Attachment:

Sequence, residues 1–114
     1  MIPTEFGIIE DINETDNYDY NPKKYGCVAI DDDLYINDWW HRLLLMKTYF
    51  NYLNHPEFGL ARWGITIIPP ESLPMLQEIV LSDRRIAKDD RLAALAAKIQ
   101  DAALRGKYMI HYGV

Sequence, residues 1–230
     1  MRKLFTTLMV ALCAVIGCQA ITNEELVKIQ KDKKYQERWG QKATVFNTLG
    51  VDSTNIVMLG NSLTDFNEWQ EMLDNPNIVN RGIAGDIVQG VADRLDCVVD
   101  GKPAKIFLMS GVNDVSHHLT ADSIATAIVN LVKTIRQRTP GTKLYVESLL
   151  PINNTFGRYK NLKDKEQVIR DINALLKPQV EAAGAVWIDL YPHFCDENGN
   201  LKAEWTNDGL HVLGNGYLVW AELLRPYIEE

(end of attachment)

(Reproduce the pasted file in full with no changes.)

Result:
Sequence, residues 1–114
     1  MIPTEFGIIE DINETDNYDY NPKKYGCVAI DDDLYINDWW HRLLLMKTYF
    51  NYLNHPEFGL ARWGITIIPP ESLPMLQEIV LSDRRIAKDD RLAALAAKIQ
   101  DAALRGKYMI HYGV

Sequence, residues 1–230
     1  MRKLFTTLMV ALCAVIGCQA ITNEELVKIQ KDKKYQERWG QKATVFNTLG
    51  VDSTNIVMLG NSLTDFNEWQ EMLDNPNIVN RGIAGDIVQG VADRLDCVVD
   101  GKPAKIFLMS GVNDVSHHLT ADSIATAIVN LVKTIRQRTP GTKLYVESLL
   151  PINNTFGRYK NLKDKEQVIR DINALLKPQV EAAGAVWIDL YPHFCDENGN
   201  LKAEWTNDGL HVLGNGYLVW AELLRPYIEE